Esther Pugh

From Wikipedia, the free encyclopedia
Jump to navigation Jump to search
Esther Pugh
Esther Pugh.png
BornAugust 31, 1834
Cincinnati, Ohio, US
DiedMarch 29, 1908
Philadelphia, Pennsylvania
Occupationtemperance reformer, editor, publisher

Signature

Esther Pugh (August 31, 1834 - March 29, 1908) was an American temperance reformer from Ohio. She served as Treasurer of the National Woman's Christian Temperance Union (WCTU), a Trustee of Earlham College, as well as editor and publisher of the monthly temperance journal, Our Union. She died in Philadelphia in 1908.

Early years and education[edit]

Esther Pugh, daughter of Achilles and Anna Maria Pugh, was born in Cincinnati, Ohio, August 31, 1834. Her parents were Quakers. For many years, the father was a journalist in Cincinnati, and publisher of the "Chronicle". Pugh received a good education.[1]

Career[edit]

Esther Pugh

Early on, Pugh became interested in moral reforms, and soon became prominent in the temperance movement. She was one of the leaders in the movement, joining the WCTU during its first meetings.[2] She served as Treasurer of the National WCTU for 15 years, and her management style repeatedly aided the national order in passing through financial difficulties. Considered to be a clear and forcible orator, she traveled for temperance work throughout the United States and Canada, lecturing and organizing unions. Pugh's association with Frances E. Willard was enduring.[1]

Succeeding Mary Towne Burt,[3] Pugh served as publisher and editor of the monthly temperance journal, Our Union, for years.[2][4] According to Gifford (1995), Pugh, Frances H. Rastall and Caroline Buell used the Union Signal (the paper's name after its merger with The Signal) to promote their private businesses.[5] Because of her journalistic experience, Pugh was called upon to provide guidance for the Methodist Episcopal Church's periodical, Woman's Home Missions, regarding typeset and how to make up a "dummy".[6]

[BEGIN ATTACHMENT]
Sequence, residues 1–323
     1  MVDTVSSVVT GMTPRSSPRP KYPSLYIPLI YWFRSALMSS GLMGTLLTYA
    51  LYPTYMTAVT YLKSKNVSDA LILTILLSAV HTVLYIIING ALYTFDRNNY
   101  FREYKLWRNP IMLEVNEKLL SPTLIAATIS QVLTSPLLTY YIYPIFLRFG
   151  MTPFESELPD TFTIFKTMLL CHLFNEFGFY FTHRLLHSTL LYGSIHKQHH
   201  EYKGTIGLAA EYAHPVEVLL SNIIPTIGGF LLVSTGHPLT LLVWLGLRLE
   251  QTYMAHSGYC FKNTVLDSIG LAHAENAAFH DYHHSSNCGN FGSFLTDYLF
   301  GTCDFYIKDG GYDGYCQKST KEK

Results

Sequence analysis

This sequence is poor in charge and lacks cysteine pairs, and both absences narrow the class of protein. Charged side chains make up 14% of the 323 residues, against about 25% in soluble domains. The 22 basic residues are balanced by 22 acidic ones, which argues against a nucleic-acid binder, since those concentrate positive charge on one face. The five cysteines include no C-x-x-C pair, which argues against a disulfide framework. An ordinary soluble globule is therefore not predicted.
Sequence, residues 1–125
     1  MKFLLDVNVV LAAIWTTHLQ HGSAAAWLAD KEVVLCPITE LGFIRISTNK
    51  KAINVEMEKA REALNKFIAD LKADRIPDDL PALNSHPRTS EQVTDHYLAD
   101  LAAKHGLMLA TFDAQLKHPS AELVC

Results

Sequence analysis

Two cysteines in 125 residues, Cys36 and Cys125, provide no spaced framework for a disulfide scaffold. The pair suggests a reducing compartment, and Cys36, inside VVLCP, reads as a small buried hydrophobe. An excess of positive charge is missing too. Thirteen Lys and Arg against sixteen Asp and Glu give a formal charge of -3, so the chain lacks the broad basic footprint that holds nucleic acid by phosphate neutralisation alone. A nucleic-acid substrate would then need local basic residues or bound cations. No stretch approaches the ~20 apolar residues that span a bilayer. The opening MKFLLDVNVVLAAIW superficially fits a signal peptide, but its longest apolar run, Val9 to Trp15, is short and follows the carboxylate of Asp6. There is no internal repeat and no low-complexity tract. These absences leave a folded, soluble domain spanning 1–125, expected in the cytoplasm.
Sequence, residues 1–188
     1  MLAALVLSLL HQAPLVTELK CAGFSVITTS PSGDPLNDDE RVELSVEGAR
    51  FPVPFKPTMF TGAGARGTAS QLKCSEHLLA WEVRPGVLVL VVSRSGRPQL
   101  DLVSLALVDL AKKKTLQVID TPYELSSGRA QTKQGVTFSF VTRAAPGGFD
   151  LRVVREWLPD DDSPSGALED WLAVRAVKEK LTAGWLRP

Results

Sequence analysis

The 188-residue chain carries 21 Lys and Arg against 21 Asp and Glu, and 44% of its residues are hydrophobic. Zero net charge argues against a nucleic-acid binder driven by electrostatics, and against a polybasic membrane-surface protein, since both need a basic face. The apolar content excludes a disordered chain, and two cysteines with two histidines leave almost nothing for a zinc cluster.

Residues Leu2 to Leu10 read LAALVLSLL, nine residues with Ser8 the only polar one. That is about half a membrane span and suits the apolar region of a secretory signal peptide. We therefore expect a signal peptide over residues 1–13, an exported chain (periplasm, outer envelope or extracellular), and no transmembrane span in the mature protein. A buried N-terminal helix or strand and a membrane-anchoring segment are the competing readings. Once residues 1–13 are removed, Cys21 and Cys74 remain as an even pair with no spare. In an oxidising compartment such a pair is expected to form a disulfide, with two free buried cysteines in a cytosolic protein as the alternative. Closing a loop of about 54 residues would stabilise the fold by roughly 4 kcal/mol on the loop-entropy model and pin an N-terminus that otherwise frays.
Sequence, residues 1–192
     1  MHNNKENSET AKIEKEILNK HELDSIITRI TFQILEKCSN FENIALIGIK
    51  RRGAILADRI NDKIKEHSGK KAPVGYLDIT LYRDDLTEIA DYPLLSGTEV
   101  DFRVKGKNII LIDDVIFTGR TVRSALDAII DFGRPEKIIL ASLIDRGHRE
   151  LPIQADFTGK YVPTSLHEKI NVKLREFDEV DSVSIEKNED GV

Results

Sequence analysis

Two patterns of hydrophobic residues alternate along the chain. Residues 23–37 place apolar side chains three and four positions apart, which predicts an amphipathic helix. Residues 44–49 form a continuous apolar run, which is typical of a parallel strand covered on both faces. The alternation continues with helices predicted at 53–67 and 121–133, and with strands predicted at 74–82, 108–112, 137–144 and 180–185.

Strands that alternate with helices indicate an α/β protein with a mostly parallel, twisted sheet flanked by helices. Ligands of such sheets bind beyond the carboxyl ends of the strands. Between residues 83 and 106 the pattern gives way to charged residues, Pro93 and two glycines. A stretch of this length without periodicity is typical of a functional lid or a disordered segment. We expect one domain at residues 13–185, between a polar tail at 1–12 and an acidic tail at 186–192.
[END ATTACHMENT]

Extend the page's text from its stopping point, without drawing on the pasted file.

Pugh's work in the WCTU, beginning in Cincinnati, caused her residence at different times to be in Columbus, Ohio, Cleveland, Ohio, Brooklyn, New York, and Chicago, Illinois, though made her home is in Evanston, Illinois.[2] She served an Elder in the Friends church. She was appointed a Trustee of Earlham College by Indiana Yearly Meeting, and held that position until failing health made it necessary for her to resign. Pugh died in Philadelphia, Pennsylvania, March 29, 1908. The funeral service was held at the home of her sister, Mary T. Wildman, in Philadelphia. Pugh was buried in Waynesville, Ohio.[1]

References[edit]

Attribution[edit]

  • This article incorporates text from a publication now in the public domain: Board of Managers of the Woman's Home Missionary Society (1882). Annual Report of the Board of Managers of the Woman's Home Missionary Society of the Methodist Episcopal Church for the Year ... (Public domain ed.). Western Methodist Book Concern Press.
  • This article incorporates text from a publication now in the public domain: Hanaford, Phebe Ann (1883). Daughters of America; Or, Women of the Century (Public domain ed.). B. B. Russell.
  • This article incorporates text from a publication now in the public domain: Indiana Yearly Meeting of Friends (1905). Minutes. 58-89 (Public domain ed.). Richmond, Indiana: Indiana Yearly Meeting of Friends.
  • This article incorporates text from a publication now in the public domain: Rowell, George Presbury (1882). Geo. P. Rowell and Co.'s American Newspaper Directory (Public domain ed.). Geo. P. Rowell & Company.
  • This article incorporates text from a publication now in the public domain: Willard, Frances Elizabeth; Livermore, Mary Ashton Rice (1893). A Woman of the Century: Fourteen Hundred-seventy Biographical Sketches Accompanied by Portraits of Leading American Women in All Walks of Life (Public domain ed.). Moulton.

Bibliography[edit]

External links[edit]